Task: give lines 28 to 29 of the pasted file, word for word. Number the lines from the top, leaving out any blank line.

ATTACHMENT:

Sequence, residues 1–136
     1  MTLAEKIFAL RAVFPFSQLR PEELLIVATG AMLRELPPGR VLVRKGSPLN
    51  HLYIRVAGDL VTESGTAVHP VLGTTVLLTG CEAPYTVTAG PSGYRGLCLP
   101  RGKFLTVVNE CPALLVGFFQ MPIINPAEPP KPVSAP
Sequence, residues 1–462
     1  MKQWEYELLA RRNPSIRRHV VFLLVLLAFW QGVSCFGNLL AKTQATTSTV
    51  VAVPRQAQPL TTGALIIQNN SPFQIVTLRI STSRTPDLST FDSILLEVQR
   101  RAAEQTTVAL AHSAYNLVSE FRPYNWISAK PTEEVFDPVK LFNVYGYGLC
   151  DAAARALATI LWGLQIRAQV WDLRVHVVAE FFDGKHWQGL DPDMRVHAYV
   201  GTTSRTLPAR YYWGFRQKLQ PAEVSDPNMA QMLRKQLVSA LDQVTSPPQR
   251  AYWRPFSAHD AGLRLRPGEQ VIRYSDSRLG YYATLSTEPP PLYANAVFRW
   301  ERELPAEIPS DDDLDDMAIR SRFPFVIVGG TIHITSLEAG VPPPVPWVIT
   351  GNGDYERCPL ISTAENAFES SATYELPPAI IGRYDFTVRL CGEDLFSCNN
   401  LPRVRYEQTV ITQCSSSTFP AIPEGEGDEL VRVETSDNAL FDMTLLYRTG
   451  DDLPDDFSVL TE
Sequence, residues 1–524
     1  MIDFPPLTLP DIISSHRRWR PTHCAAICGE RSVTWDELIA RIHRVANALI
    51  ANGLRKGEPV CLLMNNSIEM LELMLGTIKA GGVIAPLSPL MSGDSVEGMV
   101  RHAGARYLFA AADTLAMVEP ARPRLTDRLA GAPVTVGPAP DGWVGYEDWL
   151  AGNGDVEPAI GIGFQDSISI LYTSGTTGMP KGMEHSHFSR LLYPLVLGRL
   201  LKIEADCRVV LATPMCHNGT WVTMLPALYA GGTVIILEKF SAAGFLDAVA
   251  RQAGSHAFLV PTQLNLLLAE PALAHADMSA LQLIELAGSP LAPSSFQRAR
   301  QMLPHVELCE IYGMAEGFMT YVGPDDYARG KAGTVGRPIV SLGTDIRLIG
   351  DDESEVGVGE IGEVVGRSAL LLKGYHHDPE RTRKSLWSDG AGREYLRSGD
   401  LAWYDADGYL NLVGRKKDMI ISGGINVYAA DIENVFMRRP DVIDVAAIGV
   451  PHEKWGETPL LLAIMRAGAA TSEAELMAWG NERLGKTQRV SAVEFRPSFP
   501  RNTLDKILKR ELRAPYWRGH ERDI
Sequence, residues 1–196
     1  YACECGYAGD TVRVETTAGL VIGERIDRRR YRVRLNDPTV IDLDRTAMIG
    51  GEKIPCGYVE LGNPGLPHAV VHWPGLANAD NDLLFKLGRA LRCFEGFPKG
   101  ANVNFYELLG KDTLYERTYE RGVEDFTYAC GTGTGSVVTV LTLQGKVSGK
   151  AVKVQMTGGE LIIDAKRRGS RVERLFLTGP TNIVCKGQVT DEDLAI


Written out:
Sequence, residues 1–196
     1  YACECGYAGD TVRVETTAGL VIGERIDRRR YRVRLNDPTV IDLDRTAMIG